Aspen keeps CCLC alive |

Aspen keeps CCLC alive

Carolyn SackariasonAspen, CO Colorado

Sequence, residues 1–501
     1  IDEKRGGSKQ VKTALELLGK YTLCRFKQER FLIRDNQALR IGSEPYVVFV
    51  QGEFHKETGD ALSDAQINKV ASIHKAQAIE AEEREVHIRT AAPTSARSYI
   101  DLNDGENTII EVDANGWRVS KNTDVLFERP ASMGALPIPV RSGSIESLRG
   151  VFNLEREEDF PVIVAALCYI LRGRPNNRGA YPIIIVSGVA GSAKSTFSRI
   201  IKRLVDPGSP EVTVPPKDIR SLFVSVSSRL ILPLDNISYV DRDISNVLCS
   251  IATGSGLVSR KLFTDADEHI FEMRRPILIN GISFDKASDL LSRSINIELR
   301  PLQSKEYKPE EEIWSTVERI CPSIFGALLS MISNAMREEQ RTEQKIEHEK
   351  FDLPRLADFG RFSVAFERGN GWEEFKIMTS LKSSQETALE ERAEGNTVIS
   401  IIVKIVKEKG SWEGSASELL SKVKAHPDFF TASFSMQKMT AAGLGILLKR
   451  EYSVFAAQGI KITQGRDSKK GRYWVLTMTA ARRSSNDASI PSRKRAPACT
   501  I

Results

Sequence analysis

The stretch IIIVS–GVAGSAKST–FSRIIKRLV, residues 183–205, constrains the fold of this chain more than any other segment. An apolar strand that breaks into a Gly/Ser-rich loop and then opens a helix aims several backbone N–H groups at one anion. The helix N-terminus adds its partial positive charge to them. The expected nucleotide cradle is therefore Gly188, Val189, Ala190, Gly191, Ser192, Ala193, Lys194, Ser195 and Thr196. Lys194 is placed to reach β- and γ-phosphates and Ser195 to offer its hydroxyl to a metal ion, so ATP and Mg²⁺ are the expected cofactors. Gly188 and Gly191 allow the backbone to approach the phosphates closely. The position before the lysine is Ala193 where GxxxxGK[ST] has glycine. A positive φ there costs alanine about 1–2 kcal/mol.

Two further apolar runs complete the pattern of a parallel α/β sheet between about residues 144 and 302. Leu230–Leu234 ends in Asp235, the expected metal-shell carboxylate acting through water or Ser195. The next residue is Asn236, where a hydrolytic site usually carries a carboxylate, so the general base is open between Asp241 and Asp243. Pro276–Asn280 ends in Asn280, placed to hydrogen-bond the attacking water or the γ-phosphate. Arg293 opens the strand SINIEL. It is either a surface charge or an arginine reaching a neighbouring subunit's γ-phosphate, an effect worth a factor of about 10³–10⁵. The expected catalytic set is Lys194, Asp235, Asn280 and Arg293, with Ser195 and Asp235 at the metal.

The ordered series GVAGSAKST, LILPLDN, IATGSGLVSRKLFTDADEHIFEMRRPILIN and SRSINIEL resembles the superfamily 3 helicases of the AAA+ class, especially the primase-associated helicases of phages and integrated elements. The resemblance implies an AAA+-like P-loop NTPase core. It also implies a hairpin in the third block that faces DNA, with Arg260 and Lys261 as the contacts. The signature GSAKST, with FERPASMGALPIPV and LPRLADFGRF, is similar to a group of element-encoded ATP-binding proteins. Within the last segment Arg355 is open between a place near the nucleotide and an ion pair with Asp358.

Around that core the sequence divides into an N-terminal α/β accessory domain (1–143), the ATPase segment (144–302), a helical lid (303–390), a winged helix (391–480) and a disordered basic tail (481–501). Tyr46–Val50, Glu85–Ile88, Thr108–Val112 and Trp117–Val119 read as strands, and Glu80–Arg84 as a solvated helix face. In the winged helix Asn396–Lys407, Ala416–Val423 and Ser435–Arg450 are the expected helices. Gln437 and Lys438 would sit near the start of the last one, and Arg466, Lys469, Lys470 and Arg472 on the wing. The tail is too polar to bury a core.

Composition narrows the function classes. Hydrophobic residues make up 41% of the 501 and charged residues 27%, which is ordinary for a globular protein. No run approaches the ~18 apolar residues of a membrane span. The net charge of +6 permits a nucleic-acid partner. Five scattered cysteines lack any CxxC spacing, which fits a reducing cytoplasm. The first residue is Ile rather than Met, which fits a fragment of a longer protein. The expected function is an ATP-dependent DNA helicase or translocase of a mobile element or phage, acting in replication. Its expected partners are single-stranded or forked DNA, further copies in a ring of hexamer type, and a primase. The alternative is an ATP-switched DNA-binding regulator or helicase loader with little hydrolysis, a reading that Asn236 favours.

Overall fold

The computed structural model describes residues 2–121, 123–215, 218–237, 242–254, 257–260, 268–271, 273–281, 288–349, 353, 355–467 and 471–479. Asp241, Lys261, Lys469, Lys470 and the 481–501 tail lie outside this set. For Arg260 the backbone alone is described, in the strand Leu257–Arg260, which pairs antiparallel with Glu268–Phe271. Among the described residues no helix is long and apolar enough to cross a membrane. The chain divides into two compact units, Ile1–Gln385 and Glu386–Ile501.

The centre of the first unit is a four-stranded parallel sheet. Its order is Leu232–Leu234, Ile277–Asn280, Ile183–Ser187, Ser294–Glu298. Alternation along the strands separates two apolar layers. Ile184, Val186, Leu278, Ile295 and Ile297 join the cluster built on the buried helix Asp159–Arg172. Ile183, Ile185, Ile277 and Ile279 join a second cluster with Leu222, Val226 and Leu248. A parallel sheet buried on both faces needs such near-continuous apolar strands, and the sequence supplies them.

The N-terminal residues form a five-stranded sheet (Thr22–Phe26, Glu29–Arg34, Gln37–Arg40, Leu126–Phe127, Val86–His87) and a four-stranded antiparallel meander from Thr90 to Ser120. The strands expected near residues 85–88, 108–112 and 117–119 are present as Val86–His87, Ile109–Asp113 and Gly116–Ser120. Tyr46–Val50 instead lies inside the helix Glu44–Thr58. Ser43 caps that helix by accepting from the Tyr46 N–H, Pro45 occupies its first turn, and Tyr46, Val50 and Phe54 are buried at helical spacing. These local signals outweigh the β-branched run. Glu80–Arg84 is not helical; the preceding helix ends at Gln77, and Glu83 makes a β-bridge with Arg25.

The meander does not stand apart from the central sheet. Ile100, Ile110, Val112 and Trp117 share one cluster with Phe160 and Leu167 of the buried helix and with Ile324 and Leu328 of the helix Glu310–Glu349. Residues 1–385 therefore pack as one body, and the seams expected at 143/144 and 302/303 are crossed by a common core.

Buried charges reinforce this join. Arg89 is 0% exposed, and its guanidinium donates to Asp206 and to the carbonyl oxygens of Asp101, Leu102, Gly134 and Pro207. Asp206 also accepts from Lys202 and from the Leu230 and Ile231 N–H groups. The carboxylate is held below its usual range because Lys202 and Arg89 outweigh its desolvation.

ASPEN It appears a citizen committee charged with protecting the commercial core will continue to represent downtown businesses.Members of the Commercial Core and Lodging Commission met with the City Council on Tuesday to explain what their mission is and what they’ve been up to in recent years. The meeting was partially to determine whether the CCLC should be reauthorized since its official standing in city government has lapsed. CCLC members also asked that the City Council reinstitute its annual $40,000 budget that had been stripped about four years ago. The money was funneled into the parks department for mall maintenance and other work.The council voiced its support to reauthorize the commission and change the board membership to seven people, plus one alternate. Council members said they would consider the $40,000 allocation during the budget discussion this fall.CCLC chairman Bill Dinsmoor said much more could be accomplished if the commission had a budget to work with, especially seed money to develop programs throughout downtown. Without the money, Dinsmoor said, the CCLC has dealt with commercial core issues ineffectively – like swimming with one hand tied behind its back.”We think we could do a lot if you untied us,” he said. “We could do an even more effective job.”Public art programs, better lighting downtown, expanding the farmers market, resurrecting the Taste of Aspen event and other programs could all be possibilities, CCLC members said.The CCLC primarily serves as the conduit between downtown businesses, and city staff and the council. Volunteer members meet twice a month to brainstorm and ultimately advise the council on business strategies and downtown core issues.The CCLC includes Aspen business people and professionals who tackle everything from parking issues, alleys, garbage and recycling collection, to outdoor dining areas and newspaper boxes. The CCLC also manages the Saturday farmers market – Aspen’s third-best-attended event, according to Dinsmoor.But in the past, the CCLC has had problems communicating with previous councils, leaving its members frustrated that they aren’t heard and they struggle to remain relevant.The commission could play an integral role in shaping the future makeup of businesses downtown as the City Council considers regulating what types of stores can be in the commercial core. Ideas have been tossed around that would limit high-end stores, and possibly subsidize or provide incentives to attract local-serving businesses.Carolyn Sackariason’s e-mail address is